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Spotlight on US Immigration Controls Following 9/11 Attacks - 2002-05-25

In the wake of the September 11 terrorist attacks, the U.S. government has taken a series of steps to increase security across the country. One of the components of that campaign focuses on tightening immigration controls. A recently-published study shows that most of the foreign-born terrorists linked to crimes in the United States in the past eight years had also violated U.S. immigration laws.

The study tracks the immigration history of 48 foreign-born nationals either charged or convicted of terrorist attacks inside the United States since 1993.

Steve Camarota, research director for the Center for Immigration Studies and author of the report, says 28 had entered the country illegally or had temporary visas as tourists or students which expired while they remained in the U.S.. Seventeen were lawful residents or naturalized American citizens.

Mr. Camarota argues that many could have been stopped if immigration laws were better enforced. He also calls for tighter controls to better regulate who can enter the country and who can stay. "Skepticism should be the guiding principle of visa issuance. Top priority must be given to the protection of the American people and not the feelings of the visa applicant," he says.

The Center for Immigration Studies also favors tighter border controls and more effective tracking of temporary visa holders. But Mr. Camarota acknowledges the Immigration and Naturalization Services and law enforcement agencies do not have adequate resources to do the job.

The INS estimates that more than nine-million foreigners are residing in the country illegally. For now, there are only 2,000 INS agents available to track illegal aliens, check on illegal hiring practices and help police border entries.

Law professor Jan Ting blames the chronic lack of resources on what he calls America's schizophrenic attitude toward immigration. Mr. Ting served as an assistant INS commissioner from 1990 to 1993. "On the one hand, we are all a nation of immigrants. We all have immigrant ancestors who(m) we honor for what they have done in coming to the United States, and we respect the role of immigration in building the United States into the country that it is," he says. "On the other hand, most Americans recognize that we simply cannot have an open door for everyone in the world who wants to come to the United States, so we have to have immigration laws that limit both the number and the characteristics of the individuals whom we allow to immigrate to the United States."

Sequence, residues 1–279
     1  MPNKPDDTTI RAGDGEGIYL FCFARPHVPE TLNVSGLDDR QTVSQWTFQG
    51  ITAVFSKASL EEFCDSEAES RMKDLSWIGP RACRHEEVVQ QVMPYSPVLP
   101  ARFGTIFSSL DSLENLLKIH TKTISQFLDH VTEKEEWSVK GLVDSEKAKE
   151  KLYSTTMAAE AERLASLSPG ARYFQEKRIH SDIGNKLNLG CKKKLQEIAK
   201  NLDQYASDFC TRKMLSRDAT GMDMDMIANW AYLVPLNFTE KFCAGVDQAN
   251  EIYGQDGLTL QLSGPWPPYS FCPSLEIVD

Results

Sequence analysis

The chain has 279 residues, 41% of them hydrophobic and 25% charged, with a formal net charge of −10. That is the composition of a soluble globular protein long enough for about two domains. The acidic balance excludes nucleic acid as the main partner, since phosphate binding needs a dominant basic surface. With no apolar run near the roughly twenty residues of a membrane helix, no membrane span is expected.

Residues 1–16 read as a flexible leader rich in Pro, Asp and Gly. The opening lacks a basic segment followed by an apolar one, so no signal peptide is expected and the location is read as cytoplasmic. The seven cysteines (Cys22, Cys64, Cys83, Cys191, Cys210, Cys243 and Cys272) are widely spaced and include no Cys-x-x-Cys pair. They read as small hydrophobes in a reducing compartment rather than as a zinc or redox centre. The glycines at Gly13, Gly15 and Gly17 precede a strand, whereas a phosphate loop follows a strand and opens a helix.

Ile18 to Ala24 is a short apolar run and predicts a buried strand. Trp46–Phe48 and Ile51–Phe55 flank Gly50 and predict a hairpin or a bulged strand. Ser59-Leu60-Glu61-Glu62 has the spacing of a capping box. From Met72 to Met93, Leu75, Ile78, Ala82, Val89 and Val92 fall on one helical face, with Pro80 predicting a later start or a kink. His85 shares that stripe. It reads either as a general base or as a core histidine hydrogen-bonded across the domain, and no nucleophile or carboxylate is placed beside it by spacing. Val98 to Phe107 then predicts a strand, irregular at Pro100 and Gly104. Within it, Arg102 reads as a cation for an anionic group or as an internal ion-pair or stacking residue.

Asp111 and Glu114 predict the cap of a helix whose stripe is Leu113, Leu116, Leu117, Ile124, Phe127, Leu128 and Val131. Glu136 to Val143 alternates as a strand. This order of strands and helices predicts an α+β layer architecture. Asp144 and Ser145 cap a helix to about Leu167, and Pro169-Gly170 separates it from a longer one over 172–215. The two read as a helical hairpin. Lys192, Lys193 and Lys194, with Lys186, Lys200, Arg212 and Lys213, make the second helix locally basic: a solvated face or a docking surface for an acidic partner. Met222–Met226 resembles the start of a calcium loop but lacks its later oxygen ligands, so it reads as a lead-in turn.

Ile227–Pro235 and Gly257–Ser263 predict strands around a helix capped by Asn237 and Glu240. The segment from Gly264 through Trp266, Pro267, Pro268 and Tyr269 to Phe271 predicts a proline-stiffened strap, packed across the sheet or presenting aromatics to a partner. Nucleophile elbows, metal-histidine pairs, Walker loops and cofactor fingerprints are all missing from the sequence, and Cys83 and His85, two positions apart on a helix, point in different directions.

Mr. Ting says the September 11 terrorist attack has highlighted the need for more effective immigration controls.

Mark Miller edits the International Migration Review. He says the enforcement of U.S. immigration laws as part of the counter-terrorism campaign depends on closer cooperation with neighbors and allies.

He points to the increased cooperation with Mexico and Canada on border controls and European efforts to crack down on the trafficking of fake passports and illegal aliens. "We need much more effective and systematic cooperation with our allies to make our immigration law more credible," he says.

But Mr. Miller sees immigration as just one leg of the counter-terrorism campaign. "The immigration component is a vital component of a much broader war. The war is going to be vitally affected by what we do on complementary issues," he says. "Questions of Palestinian statehood, things like that, need to be addressed by the U.S. government in a very urgent way just as we need to address the shortcomings of our immigration law in an urgent way."

Still, immigration activists warn against an over-enthusiastic enforcement of the law and tracking procedures that would harass legal immigrants or violate their civil rights.